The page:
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Dynamic Computing & Dynamic Threats Requires Dynamic Security.

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Presentation on theme: "Dynamic Computing & Dynamic Threats Requires Dynamic Security."— Presentation transcript:

1 Dynamic Computing & Dynamic Threats Requires Dynamic Security

2 Palo Alto Networks at a Glance Corporate Highlights Founded in 2005; First Customer Shipment in 2007 Safely Enabling Applications Able to Address all Network Security Needs Exceptional Ability to Support Global Customers Experienced Technology and Management Team 850+ Employees Globally Jul-10Jul-11 Revenue Enterprise Customers $MM FYE July Jul-12 2 | ©2012, Palo Alto Networks. Confidential and Proprietary.

3 Agenda Todays Dynamic Enterprise Computing Environment An Equally Dynamic Threat Landscape The Tension between Security and Productivity What to do About It 3 | ©2012, Palo Alto Networks. Confidential and Proprietary.

4 A long time Ago…………Security was Simpler wired Employee On Premise Data Center Apps in one place Users in one place Data in one place Devices Controlled Devices Dumb Network Simple IT Controls it all …..

5 Complexity Has Grown..…A Lot Cloud Internet Content / tools Modern threats – targeted, multi- vector, persistent wirelessVPNVDI Guest Mobile employee Partner/contractor wired Employee The Network On Premise Apps all over the place Users all over place Data all over the place Devices not controlled Devices Smart Network is Complex IT Controls only some of it Users control increased Risks are FAR higher

6 From the Classroom…… 6 | ©2012, Palo Alto Networks. Confidential and Proprietary. to the Playground

7 The Emergence of the User Kingdom Devices Most often very small and mobile More devices are now in the control and ownership of end users Users are people, people are different, so the diversity of devices is expanding Applications Users are discovering new ways to get work done Multiple tools being used to do the same thing Many applications are risky – introduces threats, potential data loss Many applications are costly – consumes lots of computing and network resources IT is not participating in selecting Location Work gets done in and out of the office On-demand is essential 7 | ©2012, Palo Alto Networks. Confidential and Proprietary.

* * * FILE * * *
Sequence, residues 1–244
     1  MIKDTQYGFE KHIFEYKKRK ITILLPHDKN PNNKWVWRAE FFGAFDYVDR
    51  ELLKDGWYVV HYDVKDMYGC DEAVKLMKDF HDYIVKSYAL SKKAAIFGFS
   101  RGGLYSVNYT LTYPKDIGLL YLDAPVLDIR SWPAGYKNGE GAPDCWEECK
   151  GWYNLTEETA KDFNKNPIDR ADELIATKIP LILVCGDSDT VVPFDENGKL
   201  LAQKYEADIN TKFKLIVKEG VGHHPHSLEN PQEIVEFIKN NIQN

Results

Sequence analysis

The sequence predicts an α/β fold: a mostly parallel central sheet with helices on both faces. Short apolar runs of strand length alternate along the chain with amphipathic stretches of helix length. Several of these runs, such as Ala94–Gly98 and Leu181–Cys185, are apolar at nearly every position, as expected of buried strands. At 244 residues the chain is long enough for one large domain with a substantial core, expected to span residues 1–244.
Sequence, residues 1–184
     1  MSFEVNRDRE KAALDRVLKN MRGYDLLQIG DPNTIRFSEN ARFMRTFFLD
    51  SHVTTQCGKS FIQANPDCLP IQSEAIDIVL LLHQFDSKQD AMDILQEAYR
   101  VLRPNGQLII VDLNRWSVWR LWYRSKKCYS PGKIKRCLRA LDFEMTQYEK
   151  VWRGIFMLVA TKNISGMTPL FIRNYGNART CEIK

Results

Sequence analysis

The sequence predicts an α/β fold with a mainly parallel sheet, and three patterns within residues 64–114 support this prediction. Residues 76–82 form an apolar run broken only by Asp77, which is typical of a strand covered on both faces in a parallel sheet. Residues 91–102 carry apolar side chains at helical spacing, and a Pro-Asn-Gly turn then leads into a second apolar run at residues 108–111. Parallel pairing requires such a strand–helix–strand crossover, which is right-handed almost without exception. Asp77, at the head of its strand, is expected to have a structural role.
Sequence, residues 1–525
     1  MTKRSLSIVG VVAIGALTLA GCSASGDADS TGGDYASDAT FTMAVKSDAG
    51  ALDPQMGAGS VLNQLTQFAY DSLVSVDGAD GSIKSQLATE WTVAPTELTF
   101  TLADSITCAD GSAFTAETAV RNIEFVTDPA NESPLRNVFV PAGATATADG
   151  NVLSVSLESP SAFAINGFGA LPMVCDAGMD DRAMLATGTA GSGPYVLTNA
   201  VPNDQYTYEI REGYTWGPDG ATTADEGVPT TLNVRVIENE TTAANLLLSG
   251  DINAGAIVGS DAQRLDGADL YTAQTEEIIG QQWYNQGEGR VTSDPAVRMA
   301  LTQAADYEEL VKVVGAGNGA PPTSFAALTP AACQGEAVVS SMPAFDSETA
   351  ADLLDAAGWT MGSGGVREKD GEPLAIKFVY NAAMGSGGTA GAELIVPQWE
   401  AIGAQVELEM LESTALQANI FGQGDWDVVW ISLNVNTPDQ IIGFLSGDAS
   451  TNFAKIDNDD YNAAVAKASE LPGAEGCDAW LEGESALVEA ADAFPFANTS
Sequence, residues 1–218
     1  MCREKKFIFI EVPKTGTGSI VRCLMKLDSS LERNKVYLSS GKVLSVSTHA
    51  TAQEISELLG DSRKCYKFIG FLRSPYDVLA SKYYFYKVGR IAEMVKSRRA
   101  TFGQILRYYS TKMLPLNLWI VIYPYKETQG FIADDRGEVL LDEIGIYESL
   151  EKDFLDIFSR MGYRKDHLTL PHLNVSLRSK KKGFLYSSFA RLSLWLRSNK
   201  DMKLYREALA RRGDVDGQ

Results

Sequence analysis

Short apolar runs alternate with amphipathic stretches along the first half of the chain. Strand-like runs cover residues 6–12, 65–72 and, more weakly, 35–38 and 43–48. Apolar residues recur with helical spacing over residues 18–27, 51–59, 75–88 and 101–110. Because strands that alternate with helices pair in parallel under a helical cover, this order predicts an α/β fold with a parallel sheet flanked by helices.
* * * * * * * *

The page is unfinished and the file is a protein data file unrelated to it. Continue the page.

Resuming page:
8 Mobile Climate and Challenges IT SECURITY NEEDS WHAT EMPLOYEES WANT Access to corporate and personal applications Want the full features of their mobile devices, not watered down functionality Dont want boundaries and restrictions Keep users, network, devices, and data safe Keep users productive Allow use of business-owned or personal devices Page 8 | © 2013 Palo Alto Networks. Proprietary and Confidential.

9 Evolution Towards Cloud Networks Bring New Challenges (even within our own data centers) © 2012 Palo Alto Networks. Proprietary and Confidential. Page 9 | How do you have visibility into the virtualized environment? How do you track rogue virtual machine creation? How do you embrace the dynamic nature of virtualization?

10 What Does virtualized Data Centers Look Like Segmentation deployments: DMZ/Corporate/PCI/R&D Application Tiers Limitations in design: Not optimized for hardware (spare CPUs may be idle) Not ideal because traffic routed north bound (latency) Expensive – Vlans and ports Limitations of Classic Data Center Architecture Virtual Host 1 DB vSwitch DB Virtual Host 2 App vSwitch App Virtual Host 3 Web vSwitch Web Applications of the same trust levels on a server © 2012 Palo Alto Networks. Proprietary and Confidential. Page 10 |

11 Considerations Towards Cloud Model Shared pools of resources Optimizes hardware Reduce latency Delivers applications on-demand Security Issues Safely enable East-West traffic Track policies to VM adds, moves, changes Automation so security does not slow down the virtual workload Virtual Host 1 vSwitch Virtual Host 2 vSwitch Virtual Host 3 vSwitch DB App Web Applications of different trust levels on a server © 2012 Palo Alto Networks. Proprietary and Confidential. Page 11 |